How high is the water near you? Check out https://floodzilla.svpa.us, showing real-time flood elevations at various locations throughout the lower Valley. During flood events, the gages are updating every 15 minutes.

The SVPA has developed a citizen-science tool to make it easier to track what’s happening while it’s happening, and also to collect data to gain insight on how flooding is changing.

A team of dedicated members of the valley community, led by original Floodzilla author Geary Eppley, has deployed remote sensed flood monitors. These sensor constantly measure the height of the water level, are placed near roads, on bridges, and in fields throughout the valley. Data from each sensor is constantly uploaded to a website for users to view in real time. The first round of gages are up and running. Visit the website to see the gages currently up and running. The SVPA recently received funding from the King County Flood Control District to bring this project from working models to full production.

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About the Floodzilla Gage Network

The Snoqualmie Valley Preservation Alliance’s (SVPA) Floodzilla Gage Network monitors water levels throughout the Snoqualmie Valley, in real-time. This flood monitoring network is the innovation of a group of local technology professionals who have volunteered their time and expertise to develop this tool for the benefit of the community. Paid staff and consultants have also contributed to the project with funding through SVPA’s generous donors and with a grant from King County Flood Control District.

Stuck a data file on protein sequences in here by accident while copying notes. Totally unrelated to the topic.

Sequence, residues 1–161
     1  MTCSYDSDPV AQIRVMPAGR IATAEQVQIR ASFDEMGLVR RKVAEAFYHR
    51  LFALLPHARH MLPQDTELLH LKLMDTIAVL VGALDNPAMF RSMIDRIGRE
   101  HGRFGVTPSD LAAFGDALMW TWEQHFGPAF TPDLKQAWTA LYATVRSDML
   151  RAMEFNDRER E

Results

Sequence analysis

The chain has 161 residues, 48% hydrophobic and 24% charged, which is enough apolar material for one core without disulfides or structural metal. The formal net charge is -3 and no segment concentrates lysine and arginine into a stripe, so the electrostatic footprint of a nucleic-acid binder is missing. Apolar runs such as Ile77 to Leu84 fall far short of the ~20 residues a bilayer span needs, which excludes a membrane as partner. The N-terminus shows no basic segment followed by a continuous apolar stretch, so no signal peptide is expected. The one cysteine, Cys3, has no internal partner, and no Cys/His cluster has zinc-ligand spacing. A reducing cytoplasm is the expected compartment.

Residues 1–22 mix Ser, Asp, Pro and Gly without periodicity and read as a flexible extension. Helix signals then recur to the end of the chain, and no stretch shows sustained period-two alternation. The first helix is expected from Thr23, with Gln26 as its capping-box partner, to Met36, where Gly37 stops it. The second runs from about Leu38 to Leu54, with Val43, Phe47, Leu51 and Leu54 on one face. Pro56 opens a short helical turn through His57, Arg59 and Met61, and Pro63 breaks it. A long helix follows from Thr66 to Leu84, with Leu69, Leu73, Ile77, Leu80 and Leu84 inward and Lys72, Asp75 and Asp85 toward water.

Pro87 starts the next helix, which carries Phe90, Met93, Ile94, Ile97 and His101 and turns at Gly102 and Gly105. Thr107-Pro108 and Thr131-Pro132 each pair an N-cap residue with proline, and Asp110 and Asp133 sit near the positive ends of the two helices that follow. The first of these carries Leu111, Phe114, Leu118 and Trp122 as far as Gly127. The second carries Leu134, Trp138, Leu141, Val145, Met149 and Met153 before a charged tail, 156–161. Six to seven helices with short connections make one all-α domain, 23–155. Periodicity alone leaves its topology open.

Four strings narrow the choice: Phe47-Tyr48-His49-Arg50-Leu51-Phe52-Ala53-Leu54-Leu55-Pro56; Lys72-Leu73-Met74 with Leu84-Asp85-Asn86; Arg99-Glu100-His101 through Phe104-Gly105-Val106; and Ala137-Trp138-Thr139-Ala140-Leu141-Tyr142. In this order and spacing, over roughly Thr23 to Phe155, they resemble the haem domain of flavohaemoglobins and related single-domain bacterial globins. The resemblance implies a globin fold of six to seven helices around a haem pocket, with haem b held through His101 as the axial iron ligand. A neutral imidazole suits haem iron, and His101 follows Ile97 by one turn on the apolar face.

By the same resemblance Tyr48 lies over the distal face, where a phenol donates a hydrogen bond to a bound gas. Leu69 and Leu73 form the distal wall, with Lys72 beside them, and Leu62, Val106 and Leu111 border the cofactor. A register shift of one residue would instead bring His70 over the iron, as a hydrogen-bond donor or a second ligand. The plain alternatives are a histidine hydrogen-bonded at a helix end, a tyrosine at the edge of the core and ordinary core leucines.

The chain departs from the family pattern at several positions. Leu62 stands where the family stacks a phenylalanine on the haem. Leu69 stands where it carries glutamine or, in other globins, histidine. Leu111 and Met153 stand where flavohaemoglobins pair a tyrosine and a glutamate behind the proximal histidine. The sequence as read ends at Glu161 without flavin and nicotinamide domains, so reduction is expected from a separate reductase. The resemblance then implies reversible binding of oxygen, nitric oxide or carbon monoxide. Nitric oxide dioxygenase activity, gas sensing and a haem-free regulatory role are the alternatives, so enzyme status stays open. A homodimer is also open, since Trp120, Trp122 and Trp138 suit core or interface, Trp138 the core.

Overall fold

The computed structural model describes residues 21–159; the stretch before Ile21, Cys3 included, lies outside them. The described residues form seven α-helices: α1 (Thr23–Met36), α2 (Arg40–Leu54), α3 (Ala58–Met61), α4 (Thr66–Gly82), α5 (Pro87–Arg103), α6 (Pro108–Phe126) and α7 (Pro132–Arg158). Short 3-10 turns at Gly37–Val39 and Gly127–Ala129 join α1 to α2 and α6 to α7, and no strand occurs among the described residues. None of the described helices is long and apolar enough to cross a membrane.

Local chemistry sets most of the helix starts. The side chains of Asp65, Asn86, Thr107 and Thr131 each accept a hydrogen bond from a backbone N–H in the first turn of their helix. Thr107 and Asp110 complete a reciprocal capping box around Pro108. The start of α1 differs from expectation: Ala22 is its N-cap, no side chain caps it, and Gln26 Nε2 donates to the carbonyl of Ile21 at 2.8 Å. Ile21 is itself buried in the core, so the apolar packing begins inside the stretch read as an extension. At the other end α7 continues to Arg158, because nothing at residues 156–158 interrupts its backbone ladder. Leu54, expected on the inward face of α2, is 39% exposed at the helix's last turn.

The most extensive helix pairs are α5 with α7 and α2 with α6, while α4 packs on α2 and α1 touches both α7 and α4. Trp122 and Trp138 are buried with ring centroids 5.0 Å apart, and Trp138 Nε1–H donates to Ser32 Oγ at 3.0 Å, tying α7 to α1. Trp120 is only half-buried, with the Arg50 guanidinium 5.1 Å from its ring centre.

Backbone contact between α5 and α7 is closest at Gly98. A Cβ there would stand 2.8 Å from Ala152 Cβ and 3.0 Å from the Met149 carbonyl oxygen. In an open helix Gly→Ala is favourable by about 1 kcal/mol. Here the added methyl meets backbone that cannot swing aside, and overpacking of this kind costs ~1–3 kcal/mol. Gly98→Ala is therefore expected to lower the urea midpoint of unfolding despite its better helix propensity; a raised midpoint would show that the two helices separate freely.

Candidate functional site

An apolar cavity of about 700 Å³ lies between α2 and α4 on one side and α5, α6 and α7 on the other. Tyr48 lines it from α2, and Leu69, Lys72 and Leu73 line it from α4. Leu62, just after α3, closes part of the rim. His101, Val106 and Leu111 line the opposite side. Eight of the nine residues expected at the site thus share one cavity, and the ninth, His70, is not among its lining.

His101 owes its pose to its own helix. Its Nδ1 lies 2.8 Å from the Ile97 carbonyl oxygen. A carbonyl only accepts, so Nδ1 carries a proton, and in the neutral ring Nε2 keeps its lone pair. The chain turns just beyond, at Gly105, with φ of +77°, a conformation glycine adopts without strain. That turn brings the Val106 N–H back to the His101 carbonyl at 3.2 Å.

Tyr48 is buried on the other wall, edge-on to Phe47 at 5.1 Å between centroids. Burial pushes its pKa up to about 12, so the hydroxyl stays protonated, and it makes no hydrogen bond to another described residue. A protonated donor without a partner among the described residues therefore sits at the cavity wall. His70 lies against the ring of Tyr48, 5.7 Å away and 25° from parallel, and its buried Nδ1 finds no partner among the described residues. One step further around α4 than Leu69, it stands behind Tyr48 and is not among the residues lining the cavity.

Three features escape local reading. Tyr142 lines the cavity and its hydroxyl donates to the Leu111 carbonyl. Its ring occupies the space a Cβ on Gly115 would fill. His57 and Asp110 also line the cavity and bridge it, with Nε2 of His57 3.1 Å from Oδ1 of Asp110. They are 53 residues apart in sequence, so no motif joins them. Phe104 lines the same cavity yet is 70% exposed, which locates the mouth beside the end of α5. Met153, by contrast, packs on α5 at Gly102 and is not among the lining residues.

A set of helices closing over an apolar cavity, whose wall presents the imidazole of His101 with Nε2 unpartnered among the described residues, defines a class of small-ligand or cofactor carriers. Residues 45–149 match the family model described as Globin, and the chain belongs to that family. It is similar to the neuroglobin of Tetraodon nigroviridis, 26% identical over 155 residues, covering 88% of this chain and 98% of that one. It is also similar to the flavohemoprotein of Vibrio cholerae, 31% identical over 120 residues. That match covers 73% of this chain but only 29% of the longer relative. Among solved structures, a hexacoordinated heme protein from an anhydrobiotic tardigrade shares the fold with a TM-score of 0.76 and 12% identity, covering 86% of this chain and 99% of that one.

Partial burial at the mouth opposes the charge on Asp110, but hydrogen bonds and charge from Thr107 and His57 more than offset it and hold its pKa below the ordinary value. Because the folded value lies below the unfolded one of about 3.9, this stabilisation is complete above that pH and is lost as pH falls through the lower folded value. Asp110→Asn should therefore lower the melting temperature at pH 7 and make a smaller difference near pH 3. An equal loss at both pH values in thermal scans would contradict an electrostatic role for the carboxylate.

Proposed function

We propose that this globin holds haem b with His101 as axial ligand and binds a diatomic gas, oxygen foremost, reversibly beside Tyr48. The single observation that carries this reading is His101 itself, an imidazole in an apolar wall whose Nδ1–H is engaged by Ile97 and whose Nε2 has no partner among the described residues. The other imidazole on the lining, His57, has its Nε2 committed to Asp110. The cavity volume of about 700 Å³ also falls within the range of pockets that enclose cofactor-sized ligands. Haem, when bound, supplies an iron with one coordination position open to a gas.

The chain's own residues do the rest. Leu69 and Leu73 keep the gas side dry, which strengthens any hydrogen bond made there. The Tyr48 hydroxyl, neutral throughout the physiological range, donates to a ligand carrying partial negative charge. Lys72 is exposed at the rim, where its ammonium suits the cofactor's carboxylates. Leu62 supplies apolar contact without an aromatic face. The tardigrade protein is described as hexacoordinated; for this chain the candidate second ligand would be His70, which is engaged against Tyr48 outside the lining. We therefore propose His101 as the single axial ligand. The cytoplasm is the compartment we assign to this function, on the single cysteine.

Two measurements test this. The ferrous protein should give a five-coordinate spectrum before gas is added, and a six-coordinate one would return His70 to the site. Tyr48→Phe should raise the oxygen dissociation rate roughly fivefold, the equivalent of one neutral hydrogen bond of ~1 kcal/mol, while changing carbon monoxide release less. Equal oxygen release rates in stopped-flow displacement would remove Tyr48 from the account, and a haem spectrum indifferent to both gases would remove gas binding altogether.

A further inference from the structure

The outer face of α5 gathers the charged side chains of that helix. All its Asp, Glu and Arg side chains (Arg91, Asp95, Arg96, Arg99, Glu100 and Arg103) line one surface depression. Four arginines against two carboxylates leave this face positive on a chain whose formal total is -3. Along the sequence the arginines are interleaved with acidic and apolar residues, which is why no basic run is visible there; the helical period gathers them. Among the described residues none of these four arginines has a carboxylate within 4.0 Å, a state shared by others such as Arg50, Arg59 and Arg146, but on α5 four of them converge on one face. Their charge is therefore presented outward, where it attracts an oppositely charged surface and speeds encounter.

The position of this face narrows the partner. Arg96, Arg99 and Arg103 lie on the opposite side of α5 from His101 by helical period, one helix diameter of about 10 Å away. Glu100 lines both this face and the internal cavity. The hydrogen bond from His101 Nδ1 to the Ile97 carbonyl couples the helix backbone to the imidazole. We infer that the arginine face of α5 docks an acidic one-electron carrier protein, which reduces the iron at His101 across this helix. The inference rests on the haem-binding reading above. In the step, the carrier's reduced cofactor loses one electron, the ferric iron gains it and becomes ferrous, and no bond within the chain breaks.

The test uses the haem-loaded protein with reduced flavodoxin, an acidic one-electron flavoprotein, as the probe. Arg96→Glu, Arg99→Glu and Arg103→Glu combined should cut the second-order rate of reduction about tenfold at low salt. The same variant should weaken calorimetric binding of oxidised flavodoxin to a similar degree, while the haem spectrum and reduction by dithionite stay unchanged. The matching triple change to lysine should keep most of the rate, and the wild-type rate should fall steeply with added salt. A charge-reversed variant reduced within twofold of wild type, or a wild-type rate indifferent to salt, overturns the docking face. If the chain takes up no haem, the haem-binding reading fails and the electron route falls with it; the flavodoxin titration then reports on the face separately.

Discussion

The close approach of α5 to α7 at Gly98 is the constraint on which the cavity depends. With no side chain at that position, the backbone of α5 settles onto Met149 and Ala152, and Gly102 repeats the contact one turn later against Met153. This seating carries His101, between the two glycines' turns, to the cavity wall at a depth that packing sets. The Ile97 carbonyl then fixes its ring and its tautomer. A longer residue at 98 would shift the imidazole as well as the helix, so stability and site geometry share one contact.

The Floodzilla Gage Network relies on a series of SVPA gages placed in strategic locations to monitor water levels in drainage ditches, farm fields, on public roads, and on the Mainstem Snoqualmie River. The SVPA gages are ultrasonic sensors that have been programmed to read and transmit water level data every 15 minutes during flood season, from October through May, and every 60 minutes during the offseason. The network also incorporates water level data from seven USGS gages within the watershed.

While the USGS gages have provided reliable Snoqualmie River water level data to valley residents for decades, there is only one gage on a 30-mile stretch of river between the USGS Snoqualmie Falls gage at river mile (RM) 40, and the USGS Duvall gage at RM 10. During flood events, there can be a significant, and unpredictable lag between the timing of upstream flooding in the Fall City/Carnation area and flooding further downstream near Duvall. The SVPA Floodzilla Gage Network fills in this data gap with gages on the river and in nearby farm fields and ditches, giving the farmers, residents, and commuters vastly more information to prepare.

Flood impacts to local roads is of significant importance to farmers, residents, and commuters. Most roads that go under during flooding do not flood as a result of overbank flooding from the river, but instead, from inundation of adjacent ditches or fields. The SVPA Floodzilla Gage Network monitors water levels not only in the river, but also to provide information to the public whether or not there is water on a particular road, as well as how deep it is. This is helpful when roads are not flooding yet, as they show height of the water relative to the spot where the road first goes under.
We hope you find this information useful! If you have any questions about the SVPA’s Floodzilla Gage Network, please contact us at info@svpa.us or call the office at 425-549-0316. Andy Obst andy@svpa.us is the Program Manager; Cynthia Krass cynthia@svpa.us also works on the project.